Marilyn Stasio has a particularly appealing column tomorrow. Her lead paragraph is especially interesting:
"There are no daredevil steeplechase races in DEAD HEAT (Putnam, $25.95), no close-ups of quivering horseflesh, no heroic jockey to vanquish those villains who would corrupt the sport of kings. Rather, this new novel by Dick Francis, written with his son Felix, focuses on the restaurant business, even to the point of tossing in some cooking tips."
Dick Francis? Restaurants?
Stasio likes the book and I suspect I will, too.
I've been reading Francis for more than thirty years and I can honestly say that few of his novels have disappointed me. True, I think the early-to-middle ones were the best but he's one of those storytellers who can work his way through a book the way a good professional fighter can work through a bout. It may not be his best night but ultimately he wins.
Or should I say "they" instead of "he?" Francis always admitted that his now-deceased wife worked with him on his novels. But as his career wore on there were rumors that it was the other way around, that it was he who "helped" his wife, who was, according to the rumor, the real writer in the family.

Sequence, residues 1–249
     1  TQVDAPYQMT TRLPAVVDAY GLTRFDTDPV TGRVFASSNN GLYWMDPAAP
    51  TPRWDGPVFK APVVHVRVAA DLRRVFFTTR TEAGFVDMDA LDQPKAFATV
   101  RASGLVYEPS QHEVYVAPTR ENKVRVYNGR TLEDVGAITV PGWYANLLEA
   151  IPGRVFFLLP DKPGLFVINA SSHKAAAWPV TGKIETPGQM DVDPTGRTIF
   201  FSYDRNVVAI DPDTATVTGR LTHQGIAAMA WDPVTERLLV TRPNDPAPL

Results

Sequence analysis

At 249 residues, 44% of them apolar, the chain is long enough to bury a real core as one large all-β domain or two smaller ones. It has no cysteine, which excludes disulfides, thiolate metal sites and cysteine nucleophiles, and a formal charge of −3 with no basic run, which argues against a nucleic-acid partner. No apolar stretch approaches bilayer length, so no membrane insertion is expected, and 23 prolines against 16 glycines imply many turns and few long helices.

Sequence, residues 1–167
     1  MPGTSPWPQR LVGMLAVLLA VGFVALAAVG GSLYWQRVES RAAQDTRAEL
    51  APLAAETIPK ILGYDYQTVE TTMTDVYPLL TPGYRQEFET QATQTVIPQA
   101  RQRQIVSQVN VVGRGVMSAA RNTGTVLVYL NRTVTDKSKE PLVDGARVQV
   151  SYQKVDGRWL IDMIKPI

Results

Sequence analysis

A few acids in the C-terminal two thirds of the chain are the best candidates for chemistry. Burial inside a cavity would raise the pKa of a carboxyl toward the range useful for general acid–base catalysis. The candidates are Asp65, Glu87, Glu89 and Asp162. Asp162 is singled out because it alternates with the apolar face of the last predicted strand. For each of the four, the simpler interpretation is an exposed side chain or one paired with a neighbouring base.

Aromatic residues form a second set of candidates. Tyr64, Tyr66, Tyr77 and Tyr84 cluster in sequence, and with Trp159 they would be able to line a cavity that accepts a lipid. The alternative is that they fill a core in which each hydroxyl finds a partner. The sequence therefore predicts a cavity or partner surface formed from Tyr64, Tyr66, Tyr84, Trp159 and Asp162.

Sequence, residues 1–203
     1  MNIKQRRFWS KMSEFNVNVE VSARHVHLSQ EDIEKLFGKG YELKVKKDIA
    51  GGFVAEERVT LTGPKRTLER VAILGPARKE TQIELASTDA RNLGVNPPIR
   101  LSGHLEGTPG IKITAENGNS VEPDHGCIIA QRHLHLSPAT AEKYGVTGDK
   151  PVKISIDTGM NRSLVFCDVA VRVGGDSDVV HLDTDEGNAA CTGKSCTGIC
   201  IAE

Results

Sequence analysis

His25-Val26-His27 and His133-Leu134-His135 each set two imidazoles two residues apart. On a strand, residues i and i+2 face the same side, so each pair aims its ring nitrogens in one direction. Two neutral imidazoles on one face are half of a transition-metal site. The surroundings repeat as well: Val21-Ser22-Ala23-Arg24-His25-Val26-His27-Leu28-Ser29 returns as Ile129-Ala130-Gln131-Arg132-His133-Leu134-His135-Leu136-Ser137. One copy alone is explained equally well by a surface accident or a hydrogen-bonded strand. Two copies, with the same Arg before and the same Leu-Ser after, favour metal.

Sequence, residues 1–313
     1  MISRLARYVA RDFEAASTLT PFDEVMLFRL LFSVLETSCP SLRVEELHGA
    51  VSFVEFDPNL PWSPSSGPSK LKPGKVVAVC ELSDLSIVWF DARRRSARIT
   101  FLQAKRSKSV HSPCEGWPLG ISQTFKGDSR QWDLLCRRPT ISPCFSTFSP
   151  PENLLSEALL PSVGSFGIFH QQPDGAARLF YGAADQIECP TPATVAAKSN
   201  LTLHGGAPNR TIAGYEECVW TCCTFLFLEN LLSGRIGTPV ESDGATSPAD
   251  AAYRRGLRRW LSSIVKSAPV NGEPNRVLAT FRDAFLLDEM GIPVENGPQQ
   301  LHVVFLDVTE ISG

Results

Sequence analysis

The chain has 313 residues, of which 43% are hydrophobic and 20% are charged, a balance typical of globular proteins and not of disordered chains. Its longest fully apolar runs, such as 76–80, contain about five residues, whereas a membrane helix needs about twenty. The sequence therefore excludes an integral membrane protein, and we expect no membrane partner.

I suspect this piece of conjecture won't be solved until after Francis' passing.
In this age when one must transcend, Francis remains what he's always been, a sleek, witty, wily storyteller. My favorite of his books is In The Frame. I reread it once a year just to remind myself how to keep a story on track while creating an interesting milieu. The mystery elements are really mysterious, the people, if a bit booky, are compelling and, at least in his early years, the violence is spare but explosive. For all his British reserve, he reminds you every once in a while that murder is indeed a nasty business.
He/she/they are masters of the game.